Leveraging data to understand your customers is also critical. And, customer data platforms (CDPs) are the perfect way to do just that. CDP software collates and analyses customer data from a range of sources in real-time. This allows you to gain a holistic view of your B2B buyer’s ever diversifying journey to then develop a tailored experience that will resonate most with them. 

Hyva partnered with DEPT® to help it develop a new global website with three main goals at the heart of its success: lead generation, promote brand awareness and give exceptional service in every global location. The result? A new website that bridged the geographical divide between company and customer by developing a unique customer journey in every country Hyva operates.

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Integrations

Integrations are key to ensuring your e-commerce platform aids your customer experience while improving operational efficiency. 

The ideal B2B commerce solution will have an architecture that allows integration with other systems, or itself be capable of integrating with them. That could be quotation systems, inventory management systems or manufacturing process management. 

Seamlessly connecting these systems with your B2B commerce platform will allow information to be shared automatically, eliminating systems working in silo as well as optimising the customer experience. For example, providing real-time information on manufacturing, shipping and delivery times, as well as product availability, enabling the customer to plan and order accordingly.

Site search

Simple, but so effective. Site search is an often undervalued perk of e-commerce platforms. Not only does it boost user experience, it also helps to gather important data as it allows you to see the process visitors take when finding a product or information.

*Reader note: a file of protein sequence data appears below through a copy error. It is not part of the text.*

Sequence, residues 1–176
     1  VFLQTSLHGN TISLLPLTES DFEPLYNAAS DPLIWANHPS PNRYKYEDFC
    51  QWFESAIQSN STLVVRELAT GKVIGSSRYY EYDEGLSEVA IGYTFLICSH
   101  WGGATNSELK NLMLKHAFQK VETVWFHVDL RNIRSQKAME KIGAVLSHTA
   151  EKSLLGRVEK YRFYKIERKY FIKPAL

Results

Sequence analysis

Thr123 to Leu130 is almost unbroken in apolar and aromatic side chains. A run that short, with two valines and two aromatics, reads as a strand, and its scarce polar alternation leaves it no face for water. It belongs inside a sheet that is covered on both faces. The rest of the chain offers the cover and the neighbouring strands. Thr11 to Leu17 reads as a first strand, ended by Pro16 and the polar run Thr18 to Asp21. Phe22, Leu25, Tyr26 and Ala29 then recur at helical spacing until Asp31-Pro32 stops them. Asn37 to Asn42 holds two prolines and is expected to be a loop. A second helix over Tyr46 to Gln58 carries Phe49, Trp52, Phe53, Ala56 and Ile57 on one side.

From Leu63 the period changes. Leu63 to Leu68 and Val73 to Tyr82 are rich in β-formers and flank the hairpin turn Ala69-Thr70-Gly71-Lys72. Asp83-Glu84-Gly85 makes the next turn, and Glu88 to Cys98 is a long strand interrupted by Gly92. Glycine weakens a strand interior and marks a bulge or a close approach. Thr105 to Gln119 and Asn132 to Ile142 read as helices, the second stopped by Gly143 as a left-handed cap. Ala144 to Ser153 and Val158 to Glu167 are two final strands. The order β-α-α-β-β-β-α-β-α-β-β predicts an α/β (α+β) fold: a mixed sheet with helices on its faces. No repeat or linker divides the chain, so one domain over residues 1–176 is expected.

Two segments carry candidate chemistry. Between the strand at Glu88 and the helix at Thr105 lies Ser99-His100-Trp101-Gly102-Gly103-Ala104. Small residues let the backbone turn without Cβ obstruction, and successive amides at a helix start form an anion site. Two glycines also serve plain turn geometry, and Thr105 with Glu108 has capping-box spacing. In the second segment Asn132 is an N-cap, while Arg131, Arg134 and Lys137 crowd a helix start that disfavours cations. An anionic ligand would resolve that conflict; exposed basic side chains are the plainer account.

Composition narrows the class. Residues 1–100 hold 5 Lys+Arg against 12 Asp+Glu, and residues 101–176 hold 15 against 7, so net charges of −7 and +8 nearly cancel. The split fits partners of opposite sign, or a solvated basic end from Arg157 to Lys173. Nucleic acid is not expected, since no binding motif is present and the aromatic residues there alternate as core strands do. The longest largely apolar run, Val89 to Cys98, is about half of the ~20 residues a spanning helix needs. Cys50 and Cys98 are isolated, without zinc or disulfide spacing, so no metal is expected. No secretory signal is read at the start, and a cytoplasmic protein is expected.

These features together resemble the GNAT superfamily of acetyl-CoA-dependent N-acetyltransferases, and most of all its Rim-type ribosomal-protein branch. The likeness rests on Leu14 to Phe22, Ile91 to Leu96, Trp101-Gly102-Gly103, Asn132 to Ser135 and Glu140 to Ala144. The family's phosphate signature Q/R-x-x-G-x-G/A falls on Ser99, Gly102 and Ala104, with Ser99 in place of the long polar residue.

Yes, site search isn’t a new feature and is an expectation rather than a nice to have. But, how it’s implemented and the results executed which has the power to deliver an outstanding user experience and set you apart from the competition. 

DEPT® implemented Optimizely Find for Jotun to deliver intelligent search results across its B2B and B2C sites. It powers global search, the product finder, colour grids, related colours and products, and various listing pages resulting in an enhanced user experience. 

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Moving forward


UK manufacturers are lagging behind other markets due to a slow down of digital investment, but as we can clearly see, the opportunity is huge. B2B commerce is only accelerating and it’s not stopping anytime soon. It’s time to make it a top priority or risk being left behind. 

It’s a constant cycle, with continuous improvements and innovation required for manufacturing companies to constantly exceed customers’ ever-changing expectations and deploy business strategies to gain competitive advantage. But for those willing to invest, the possibilities are endless.

In the meantime, get in touch to find out how we can help you elevate your B2B commerce function.

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Technology Consultant

Phil Robinson